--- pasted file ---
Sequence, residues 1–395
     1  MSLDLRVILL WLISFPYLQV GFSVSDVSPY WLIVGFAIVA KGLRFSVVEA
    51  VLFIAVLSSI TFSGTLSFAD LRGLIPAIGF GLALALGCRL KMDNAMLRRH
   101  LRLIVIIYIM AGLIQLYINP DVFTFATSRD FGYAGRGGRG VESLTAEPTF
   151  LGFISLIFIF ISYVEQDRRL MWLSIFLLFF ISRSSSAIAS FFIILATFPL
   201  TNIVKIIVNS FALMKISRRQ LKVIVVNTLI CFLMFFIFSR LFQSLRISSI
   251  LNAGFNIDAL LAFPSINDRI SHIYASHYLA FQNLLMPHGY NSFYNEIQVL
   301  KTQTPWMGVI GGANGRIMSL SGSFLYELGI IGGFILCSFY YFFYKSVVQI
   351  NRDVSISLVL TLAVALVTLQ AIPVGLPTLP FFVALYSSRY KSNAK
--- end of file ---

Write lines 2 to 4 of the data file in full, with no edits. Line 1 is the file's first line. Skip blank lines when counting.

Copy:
     1  MSLDLRVILL WLISFPYLQV GFSVSDVSPY WLIVGFAIVA KGLRFSVVEA
    51  VLFIAVLSSI TFSGTLSFAD LRGLIPAIGF GLALALGCRL KMDNAMLRRH
   101  LRLIVIIYIM AGLIQLYINP DVFTFATSRD FGYAGRGGRG VESLTAEPTF